It took 50 years to transition from the horse to the car. Surely few could have imagined the impact the car would have as it tore through cities, countries, and economies worldwide. Today, average Americans spend almost two of their eight hours at work paying off their car, which they need to get to that job. Last year in the U.S., more than 38,000 people died and 4.4 million were seriously injured due to motorized transport. Farther afield, in Singapore, 12 percent of the island nation’s scarce land is devoted to car infrastructure. In Delhi, 2.2 million children have irreversible lung damage because of poor air quality.
Incredibly, we might actually get a chance at a do-over — of our cities, our fossil-fuel dependence, and the social contract with labor — thanks to the impending advent of autonomous cars. Yes, their arrival is inevitable, but how they will impact us is yet to be determined.
Senior executives at Volkswagen AG, including its former chief executive, covered up evidence that the German automaker had cheated on U.S. diesel emissions tests for years, three U.S. states charged on Tuesday in civil lawsuits against the company.
New York, Massachusetts and Maryland filed separate, nearly identical lawsuits in state courts, accusing the world’s No. 2 automaker of violating their environmental laws. The lawsuits, which could lead to state fines of hundreds of millions of dollars or more, complicate VW’s efforts to move past the “Dieselgate” scandal that has hurt its business and reputation, and already cost it billions of dollars.
Automotive News: Audi Plans Electric Car Push to Put Heat on Tesla
Audi will aim for electric cars to account for a quarter of its sales by 2025 as part of a strategic overhaul following the emissions scandal at parent Volkswagen Group, company sources said, in a move that could step up the challenge to Tesla Motors.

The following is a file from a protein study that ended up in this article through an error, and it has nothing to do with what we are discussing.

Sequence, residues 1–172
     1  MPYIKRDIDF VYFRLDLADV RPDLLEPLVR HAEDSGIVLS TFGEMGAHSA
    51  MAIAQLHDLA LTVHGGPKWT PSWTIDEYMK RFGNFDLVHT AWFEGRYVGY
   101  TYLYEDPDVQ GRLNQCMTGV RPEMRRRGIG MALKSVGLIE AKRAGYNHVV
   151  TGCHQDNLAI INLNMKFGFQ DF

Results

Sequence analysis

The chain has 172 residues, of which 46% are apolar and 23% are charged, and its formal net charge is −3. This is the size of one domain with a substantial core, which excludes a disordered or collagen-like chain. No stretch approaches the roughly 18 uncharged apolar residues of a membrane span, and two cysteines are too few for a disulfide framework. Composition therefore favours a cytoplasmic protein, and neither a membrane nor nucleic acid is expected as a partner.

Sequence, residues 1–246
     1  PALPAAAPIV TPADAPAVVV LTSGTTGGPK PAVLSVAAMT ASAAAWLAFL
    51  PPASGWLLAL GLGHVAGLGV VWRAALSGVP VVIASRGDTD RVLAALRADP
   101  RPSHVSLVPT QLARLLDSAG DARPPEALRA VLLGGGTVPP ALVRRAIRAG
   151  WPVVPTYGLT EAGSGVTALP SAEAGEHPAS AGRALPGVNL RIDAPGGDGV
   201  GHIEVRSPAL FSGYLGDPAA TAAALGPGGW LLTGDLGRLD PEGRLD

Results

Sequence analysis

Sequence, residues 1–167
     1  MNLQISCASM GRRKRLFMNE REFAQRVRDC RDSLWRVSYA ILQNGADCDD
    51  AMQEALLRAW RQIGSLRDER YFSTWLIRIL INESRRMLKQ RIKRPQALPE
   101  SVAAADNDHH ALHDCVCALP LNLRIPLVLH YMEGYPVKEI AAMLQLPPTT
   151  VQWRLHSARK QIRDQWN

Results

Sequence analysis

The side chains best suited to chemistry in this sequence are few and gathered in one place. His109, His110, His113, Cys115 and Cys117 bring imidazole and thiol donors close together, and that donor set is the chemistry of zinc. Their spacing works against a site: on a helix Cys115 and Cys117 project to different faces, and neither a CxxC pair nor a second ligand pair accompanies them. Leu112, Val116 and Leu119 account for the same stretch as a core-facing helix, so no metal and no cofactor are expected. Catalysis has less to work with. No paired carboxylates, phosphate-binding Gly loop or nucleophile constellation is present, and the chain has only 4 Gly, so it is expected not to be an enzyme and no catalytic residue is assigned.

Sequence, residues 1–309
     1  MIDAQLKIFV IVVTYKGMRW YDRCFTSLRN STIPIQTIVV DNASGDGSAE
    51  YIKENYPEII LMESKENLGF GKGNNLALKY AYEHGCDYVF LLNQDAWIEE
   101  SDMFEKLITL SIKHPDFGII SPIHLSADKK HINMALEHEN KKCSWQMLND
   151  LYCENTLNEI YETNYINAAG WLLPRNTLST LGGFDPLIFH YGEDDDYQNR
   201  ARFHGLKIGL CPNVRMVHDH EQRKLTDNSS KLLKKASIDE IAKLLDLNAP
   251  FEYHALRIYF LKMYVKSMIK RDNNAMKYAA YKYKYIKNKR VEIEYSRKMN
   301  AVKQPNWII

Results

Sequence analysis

Audi, which has been slow to embrace battery-powered vehicles, will now invest about a third of its research and development budget into electric cars, digital services, and autonomous driving, two company sources told Reuters.
ClimateWire: Republican Platform Rejects Paris Climate Agreement
The platform approved by a voice vote yesterday evening doesn’t explicitly question the science behind climate change. But it calls for reduced funding for renewable energy and international adaptation programs, and it seeks an end to the global agreement reached in Paris late last year to cut greenhouse gas emissions worldwide.
The 66-page document also rejects the idea of an economy-wide carbon price, drawing a sharp contrast with drafts of the Democratic platform, which endorses that policy.
“We oppose any carbon tax,” the GOP platform says. “It would increase energy prices across the board, hitting hardest at the families who are already struggling to pay their bills in the Democrats’ no-growth economy.”
Ecogeneration: LG Chem Expands Residential Storage Series
Korean industrial giant LG Chem has expanded its range of lithium-ion residential batteries in the Australian market with new low-voltage and high-voltage variants.
The new Resu low-voltage (48-volt) models can generate between 3.3 kWh and 9.8 kWh and between 7 kWh and 9.8 kWh in the high-voltage (400-volt) variation.
The high-voltage models provide a variety of inverters to convert solar DC into AC. The move into high-voltage systems is driven by the trend of developing new inverters in high-voltage areas across LG Chem’s partners, the company said.